Transient Tracers as a Tool to Study Variability of Ocean Circulation

PETER SCHLOSSER1,2 AND WILLIAM M. SMETHIE, JR.1

ABSTRACT

During the past decades, a variety of anthropogenic trace substances have been delivered to the ocean surface at relatively well-known rates. These transient tracers are used to study deep-water formation processes and rates, and to estimate mean residence times of waters found in the thermocline. Long-term observations of transient tracers indicate that they are useful parameters for studying ocean variability. On the basis of a review of the main elements of the tracer methodology and tracer time series from the Greenland/Norwegian seas and the Deep Western Boundary Current along the east coast of North America we discuss the potential of transient tracers as a tool for studying variability of ocean circulation.

INTRODUCTION

Prediction of the potential impact of greenhouse gases on our present climate requires understanding of the major elements of the climate system, including the ocean. Of particular concern is the understanding of the natural variability of the climate system, which has to be subtracted from any observed climatic trend before its significance can be evaluated.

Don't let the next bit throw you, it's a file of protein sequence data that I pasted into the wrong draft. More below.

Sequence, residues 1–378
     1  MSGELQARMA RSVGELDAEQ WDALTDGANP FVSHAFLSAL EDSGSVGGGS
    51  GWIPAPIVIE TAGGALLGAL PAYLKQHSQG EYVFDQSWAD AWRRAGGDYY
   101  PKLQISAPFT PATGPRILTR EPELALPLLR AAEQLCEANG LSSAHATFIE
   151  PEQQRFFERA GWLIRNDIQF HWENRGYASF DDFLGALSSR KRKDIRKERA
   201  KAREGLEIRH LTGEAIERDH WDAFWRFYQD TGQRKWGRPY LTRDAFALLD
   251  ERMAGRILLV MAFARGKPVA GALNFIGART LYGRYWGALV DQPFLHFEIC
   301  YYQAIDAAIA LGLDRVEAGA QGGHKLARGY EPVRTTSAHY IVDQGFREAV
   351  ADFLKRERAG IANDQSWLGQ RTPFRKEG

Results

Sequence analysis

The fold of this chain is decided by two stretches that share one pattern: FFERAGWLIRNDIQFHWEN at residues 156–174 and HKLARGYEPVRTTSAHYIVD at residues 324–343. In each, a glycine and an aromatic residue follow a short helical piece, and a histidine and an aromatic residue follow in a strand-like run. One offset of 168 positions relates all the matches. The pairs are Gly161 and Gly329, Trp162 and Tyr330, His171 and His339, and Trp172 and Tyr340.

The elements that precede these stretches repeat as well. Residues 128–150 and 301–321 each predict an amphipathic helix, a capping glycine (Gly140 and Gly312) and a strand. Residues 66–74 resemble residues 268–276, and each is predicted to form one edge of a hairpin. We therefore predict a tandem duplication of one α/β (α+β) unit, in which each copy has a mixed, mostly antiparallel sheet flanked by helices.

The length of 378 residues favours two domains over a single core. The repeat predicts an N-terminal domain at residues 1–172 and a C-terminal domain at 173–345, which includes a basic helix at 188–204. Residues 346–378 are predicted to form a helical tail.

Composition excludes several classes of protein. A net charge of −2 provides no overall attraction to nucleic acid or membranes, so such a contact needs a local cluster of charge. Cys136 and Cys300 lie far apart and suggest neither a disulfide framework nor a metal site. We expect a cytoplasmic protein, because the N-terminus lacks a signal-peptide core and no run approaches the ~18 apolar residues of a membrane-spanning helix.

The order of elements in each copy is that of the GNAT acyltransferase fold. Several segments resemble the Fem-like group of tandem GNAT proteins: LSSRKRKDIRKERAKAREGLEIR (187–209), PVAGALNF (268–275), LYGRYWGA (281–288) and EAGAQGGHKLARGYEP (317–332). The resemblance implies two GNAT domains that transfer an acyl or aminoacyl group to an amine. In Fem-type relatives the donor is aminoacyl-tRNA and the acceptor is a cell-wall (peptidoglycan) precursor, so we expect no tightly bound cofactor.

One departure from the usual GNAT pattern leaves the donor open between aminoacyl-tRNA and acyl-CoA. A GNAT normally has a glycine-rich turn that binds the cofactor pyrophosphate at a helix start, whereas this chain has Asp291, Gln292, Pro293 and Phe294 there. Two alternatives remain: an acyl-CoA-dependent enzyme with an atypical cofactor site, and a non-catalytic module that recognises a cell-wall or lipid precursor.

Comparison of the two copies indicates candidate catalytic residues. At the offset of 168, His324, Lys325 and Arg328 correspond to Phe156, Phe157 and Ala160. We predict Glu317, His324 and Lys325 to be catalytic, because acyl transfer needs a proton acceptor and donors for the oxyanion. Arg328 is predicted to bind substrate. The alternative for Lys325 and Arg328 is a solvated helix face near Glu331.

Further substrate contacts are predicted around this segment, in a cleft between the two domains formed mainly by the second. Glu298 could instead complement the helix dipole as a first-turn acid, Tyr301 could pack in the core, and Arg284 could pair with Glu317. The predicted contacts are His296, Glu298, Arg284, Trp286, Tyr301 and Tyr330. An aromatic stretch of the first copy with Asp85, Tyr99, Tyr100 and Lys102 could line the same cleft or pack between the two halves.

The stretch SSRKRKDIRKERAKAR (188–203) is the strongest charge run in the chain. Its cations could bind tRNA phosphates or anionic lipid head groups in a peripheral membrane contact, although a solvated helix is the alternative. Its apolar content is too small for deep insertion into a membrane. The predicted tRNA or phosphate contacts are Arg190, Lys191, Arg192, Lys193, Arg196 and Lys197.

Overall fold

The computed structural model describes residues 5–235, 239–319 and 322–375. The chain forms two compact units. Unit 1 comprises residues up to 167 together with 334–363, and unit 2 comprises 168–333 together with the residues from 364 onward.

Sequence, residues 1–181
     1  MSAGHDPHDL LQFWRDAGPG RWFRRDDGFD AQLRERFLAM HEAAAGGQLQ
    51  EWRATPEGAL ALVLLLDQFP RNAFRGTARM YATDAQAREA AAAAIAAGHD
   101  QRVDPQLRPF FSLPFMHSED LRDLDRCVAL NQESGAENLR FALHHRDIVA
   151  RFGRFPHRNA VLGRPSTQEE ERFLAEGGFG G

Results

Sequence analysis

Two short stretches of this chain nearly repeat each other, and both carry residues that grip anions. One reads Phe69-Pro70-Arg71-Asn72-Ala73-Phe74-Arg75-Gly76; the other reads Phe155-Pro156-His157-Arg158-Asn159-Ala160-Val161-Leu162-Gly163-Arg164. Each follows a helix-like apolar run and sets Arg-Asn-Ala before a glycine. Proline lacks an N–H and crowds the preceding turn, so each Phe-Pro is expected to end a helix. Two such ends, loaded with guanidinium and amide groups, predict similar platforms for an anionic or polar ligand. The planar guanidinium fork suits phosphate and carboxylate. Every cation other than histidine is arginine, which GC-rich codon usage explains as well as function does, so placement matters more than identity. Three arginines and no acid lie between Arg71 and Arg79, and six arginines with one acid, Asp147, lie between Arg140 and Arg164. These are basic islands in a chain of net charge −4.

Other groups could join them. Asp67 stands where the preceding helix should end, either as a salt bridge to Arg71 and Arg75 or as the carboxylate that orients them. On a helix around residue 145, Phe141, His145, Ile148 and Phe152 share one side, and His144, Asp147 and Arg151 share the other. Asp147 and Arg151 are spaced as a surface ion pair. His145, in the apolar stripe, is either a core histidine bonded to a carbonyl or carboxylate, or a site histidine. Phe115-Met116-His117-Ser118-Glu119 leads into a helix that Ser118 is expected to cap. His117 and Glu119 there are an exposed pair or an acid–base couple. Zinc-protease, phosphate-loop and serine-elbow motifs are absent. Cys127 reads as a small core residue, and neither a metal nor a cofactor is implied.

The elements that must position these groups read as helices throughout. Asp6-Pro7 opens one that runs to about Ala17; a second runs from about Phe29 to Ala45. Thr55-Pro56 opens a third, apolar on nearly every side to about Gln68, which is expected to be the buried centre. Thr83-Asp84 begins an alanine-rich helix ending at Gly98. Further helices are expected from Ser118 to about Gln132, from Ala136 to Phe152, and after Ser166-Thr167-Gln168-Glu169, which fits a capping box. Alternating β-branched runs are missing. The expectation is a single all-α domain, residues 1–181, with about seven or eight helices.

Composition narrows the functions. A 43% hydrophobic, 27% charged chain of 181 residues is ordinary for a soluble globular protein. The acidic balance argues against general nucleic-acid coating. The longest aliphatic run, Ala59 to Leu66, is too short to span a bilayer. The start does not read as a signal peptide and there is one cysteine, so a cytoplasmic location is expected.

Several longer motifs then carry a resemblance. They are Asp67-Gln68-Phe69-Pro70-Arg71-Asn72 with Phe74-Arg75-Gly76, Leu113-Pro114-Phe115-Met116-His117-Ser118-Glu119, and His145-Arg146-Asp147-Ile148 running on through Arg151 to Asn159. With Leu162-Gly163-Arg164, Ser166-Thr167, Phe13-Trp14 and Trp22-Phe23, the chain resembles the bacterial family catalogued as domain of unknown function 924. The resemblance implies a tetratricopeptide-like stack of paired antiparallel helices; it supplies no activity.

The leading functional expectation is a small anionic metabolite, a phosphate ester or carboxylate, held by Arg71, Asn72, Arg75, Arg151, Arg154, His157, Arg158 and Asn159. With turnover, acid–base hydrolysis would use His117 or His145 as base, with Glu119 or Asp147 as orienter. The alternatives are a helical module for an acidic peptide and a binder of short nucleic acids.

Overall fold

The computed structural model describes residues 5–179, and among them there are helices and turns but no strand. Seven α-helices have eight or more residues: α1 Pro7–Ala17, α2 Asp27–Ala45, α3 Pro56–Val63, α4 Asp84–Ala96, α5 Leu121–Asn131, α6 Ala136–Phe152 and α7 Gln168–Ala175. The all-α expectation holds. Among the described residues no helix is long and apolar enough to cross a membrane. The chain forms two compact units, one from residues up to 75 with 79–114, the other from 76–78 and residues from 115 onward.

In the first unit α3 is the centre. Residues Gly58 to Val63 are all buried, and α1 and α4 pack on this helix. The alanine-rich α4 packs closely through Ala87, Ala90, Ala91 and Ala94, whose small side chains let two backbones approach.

There are numerous tools that can be used to study variability in the ocean, such as long-term observations of the classical parameters, temperature and salinity, or of currents. A more recently developed tool is the measurement of trace substances of natural or anthropogenic origin that carry time information. The time information can be derived from radioactive decay (radioactive clock) or from time-dependent delivery of the tracers to the surface waters from which they spread into the deep basins (dye tracers). In principle, both steady-state tracers and transient tracers can be used to detect variability in the ocean. A basic requirement for the application of the tracer method to detection of ocean variability is that multiple observations be made over a period of time of a certain tracer in a specific water mass or at a fixed location. Unfortunately, few such tracer time series exist, and the existing observations cover a rather short time span.

However, the available data clearly demonstrate the potential of tracers for studies of ocean variability (e.g., Rhein, 1991; Schlosser et al., 1991a). In this contribution we review the principles of the transient-tracer methodology and discuss its potential for studies of ocean variability on the basis of two selected examples.

1  

Lamont-Doherty Earth Observatory of Columbia University, Palisades, New York

2  

Department of Geological Sciences, Columbia University, New York City



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